Karl Herzfeld’s rise through the scientific community can best be described as ‘meteoric.’ From a child attending several of Germany’s most prestigious schools to studying under one of the world’s most prolific physicist known to date, Herzfeld’s passion for science was cultivated early on in life, thus becoming his prime focus through the course of it. Over the length of sixty years of his career, Karl managed to contribute numerous findings to the field of physics, receiving overwhelming praise and admiration for his respect. In addition to his work in the sciences, he also served in the military—first as a soldier, then as a researcher. After becoming a naturalized U.S. citizen, Karl spent much of his later years lecturing at several American universities, including Fordham University and the University of Michigan. During this time, he managed to publish over 130 articles, as well as fourteen books, covering a number of topics which interested Herzfeld, including the mechanisms of sound absorption in gases, liquids, and solids and the foundations of statistical mechanics and thermodynamics. Additionally, he had great interest in philosophy, evident by his time spent at the Catholic University of America in Washington D.C., where he would serve as a professor until his death. To know more about his life and works read on
Childhood and Early Life
Karl Ferdinand Herzfeld was born on February 24, 1892 in Vienna, Austria-Hungary to Dr. Charles August and Camilla Herzfeld. As a child, he attended several prominent schools around Vienna.
From 1902-1910, he was a student at ‘Schottes Gymnasium’. The school, managed by the ‘Benedictine Order of the Roman Catholic Church’, helped develop his interest in science.
At eighteen, he began collegiate studies at the ‘University of Vienna’, studying physics and chemistry from 1910-1912.
He continued his studies at the ‘University of Zurich’, as well as ‘ETH Zurich’. It is here where he met physicist Otto Stern, who would help Karl develop a greater understanding of thermodynamics.
In 1913, he spent a year at the ‘University of Gottingen’, studying under Albert Einstein.Herzfeld completed his doctorate studies at the ‘University of Vienna’.
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Upon graduation, he enlisted in the Austro-Hungarian Army during World War I in 1914, acquiring the position of First Lieutenant of Artillery.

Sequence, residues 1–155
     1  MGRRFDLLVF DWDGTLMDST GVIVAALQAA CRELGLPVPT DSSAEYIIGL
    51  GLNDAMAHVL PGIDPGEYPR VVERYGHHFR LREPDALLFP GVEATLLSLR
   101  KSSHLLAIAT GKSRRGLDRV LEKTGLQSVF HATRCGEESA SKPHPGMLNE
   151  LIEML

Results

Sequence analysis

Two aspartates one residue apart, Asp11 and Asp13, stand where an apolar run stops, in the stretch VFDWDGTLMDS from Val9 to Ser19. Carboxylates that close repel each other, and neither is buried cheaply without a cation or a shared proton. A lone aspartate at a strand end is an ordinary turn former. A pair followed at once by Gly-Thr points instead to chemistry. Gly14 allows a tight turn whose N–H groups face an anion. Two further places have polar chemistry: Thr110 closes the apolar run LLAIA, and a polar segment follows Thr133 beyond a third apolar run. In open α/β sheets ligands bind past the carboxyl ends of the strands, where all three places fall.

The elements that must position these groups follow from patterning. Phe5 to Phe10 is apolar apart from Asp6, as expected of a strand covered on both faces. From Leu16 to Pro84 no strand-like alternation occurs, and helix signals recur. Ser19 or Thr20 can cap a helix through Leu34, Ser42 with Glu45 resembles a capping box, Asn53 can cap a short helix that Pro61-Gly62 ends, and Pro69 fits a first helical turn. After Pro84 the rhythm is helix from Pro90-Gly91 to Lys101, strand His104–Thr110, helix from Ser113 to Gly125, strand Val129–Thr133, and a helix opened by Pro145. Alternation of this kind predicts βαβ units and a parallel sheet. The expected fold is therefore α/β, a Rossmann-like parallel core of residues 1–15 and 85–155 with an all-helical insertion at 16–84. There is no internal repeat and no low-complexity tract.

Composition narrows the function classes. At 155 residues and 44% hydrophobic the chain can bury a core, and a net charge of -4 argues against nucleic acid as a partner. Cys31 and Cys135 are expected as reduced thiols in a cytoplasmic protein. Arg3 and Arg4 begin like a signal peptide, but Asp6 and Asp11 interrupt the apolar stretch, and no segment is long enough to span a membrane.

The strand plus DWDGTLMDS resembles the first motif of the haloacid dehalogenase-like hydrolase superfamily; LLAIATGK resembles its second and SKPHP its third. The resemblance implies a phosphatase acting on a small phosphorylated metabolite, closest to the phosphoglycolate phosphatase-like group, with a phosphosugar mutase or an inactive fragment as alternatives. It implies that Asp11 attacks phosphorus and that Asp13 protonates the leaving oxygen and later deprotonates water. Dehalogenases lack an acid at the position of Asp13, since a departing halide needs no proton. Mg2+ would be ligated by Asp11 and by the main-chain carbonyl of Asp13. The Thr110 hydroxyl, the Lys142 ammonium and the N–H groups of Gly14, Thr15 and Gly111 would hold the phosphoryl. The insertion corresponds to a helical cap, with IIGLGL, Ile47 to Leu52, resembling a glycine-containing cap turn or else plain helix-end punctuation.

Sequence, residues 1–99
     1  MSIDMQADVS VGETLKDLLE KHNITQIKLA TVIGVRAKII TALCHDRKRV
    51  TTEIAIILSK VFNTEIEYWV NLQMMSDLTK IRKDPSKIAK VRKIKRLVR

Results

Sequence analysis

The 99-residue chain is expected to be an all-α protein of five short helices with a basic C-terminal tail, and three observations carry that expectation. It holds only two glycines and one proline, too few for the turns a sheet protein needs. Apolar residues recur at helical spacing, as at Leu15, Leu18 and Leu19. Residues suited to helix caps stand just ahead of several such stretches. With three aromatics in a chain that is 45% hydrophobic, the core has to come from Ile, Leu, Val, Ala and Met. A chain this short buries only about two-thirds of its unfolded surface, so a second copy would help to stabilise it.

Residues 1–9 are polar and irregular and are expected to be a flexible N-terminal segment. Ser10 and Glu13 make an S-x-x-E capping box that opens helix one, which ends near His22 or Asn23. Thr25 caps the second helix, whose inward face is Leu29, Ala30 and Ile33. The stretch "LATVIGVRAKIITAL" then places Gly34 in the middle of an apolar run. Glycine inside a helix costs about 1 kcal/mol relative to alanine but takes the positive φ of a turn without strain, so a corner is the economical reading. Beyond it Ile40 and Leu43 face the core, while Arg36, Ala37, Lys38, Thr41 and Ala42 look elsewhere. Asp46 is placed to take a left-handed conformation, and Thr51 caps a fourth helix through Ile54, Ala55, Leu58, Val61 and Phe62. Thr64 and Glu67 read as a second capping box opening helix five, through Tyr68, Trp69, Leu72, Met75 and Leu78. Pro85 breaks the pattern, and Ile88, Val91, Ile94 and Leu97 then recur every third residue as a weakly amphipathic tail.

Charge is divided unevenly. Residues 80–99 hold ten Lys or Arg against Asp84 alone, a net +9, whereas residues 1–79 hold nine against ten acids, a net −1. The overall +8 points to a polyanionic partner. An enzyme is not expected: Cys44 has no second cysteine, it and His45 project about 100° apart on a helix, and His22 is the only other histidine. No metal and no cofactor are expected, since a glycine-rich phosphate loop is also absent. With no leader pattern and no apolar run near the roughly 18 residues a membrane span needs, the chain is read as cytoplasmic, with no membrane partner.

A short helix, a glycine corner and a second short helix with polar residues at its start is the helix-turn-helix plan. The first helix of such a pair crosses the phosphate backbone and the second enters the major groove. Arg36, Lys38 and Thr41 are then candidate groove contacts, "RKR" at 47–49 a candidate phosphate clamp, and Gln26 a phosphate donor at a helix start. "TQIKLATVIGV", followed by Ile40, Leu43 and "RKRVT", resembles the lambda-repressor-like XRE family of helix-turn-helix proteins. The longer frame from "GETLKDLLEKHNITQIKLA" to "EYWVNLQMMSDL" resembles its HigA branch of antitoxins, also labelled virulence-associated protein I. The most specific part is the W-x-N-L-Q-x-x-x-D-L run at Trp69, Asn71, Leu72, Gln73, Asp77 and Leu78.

After returning home in 1920, he accepted a job as a faculty member for the ‘University of Munich’. He worked in the school’s physicochemical laboratory, developing a strong interest in theoretical physics.
In 1925, his book on kinetic theory, ‘Kinetische Theorie der Wärme’ (Kinetic Theory of Heat) was published. It would become a graduate-level textbook used in numerous German universities.
In 1926, he relocated to the United States, accepting a visiting professorship at John Hopkins University in Baltimore, becoming a physics professor after one year. Herzfeld did substantial research with associate professor Francis O. Rice.
Their 1928 collaborative paper, Dispersion and absorption of high-frequency sound waves, examined the purpose of molecular vibrations in transferring energy between ultrasonic waves and gas molecules.
During the early 1930s, he developed a relationship with chemist H.M. Smallwood, resulting in two contributions for Hugh S. Taylor’s ‘A Treatise on Physical Chemistry: The kinetic theory of gases and liquids’ and ‘Imperfect gases and the liquid state’ in 1931.
Herzfeld collaborated with fellow colleagues Maria Goeppert-Mayer and James Franck during 1934-41. His work with Mayer would result in the publication of two articles: on the states of aggregation in the ‘Journal of Chemical Physics’ and on the theory of fusion in ‘Physical Review’.
His collaboration alongside Franck produced two more: ‘An attempted theory of photosynthesis’ in the ‘Journal of Chemical Physics’ and ‘Contributions to a theory of photosynthesis’ for the ‘Journal of Physical Chemistry’.
In 1936, he took a job at ‘The Catholic University of America’ as a professor of physics and chairman of the Physics department. After becoming naturalized citizen, he worked for the military during World War II as a consultant.
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During the latter part of the 1940s, Herzfeld shifted his focus toward quantum-mechanical calculations on the electronic structure of polyatomic molecules.
In 1959, Herzfeld collaborated with physics professor, Theodore A. Litovitz on the book, ‘Absorption and Dispersion of Ultrasonic Waves’, which abridged Herzfeld’s theories on ultrasonics.
In 1961, he regained his position as Chairman of Physics at the ‘Catholic University of America’.
In 1964, he was awarded the US Navy’s ‘Meritorious Service Citation’ for his services during World War II as a consultant on mine warfare.
In 1966, what would be one of Herzfeld’s last scientific articles was published in ‘The Journal of the Acoustical Society of America’, summarizing fifty years of progression in physical ultrasonics.
He was conferred the title of professor emeritus at the ‘Catholic University’ in 1969, and continued to serve in this capacity until his death.
He served as head of the ‘Committee on Mine Advisory’, focusing on the scientific concerns of mine warfare during WWII on the side of the U.S. Throughout his tenure with the military he researched on structure of matter and application of statistical mechanics.
Awards & Achievements
This eminent physicist received the Mendel Medal in 1931 from ‘Villanova University’ and seven years later he was presented with the ‘Sechi Medal’ by ‘Georgetown University’.
Personal Life & Legacy
He met his future wife, Regina Flannery at ‘Catholic University’ and they married on June 9, 1938.
On June 3, 1978, at the age of 86, this renowned scientist passed away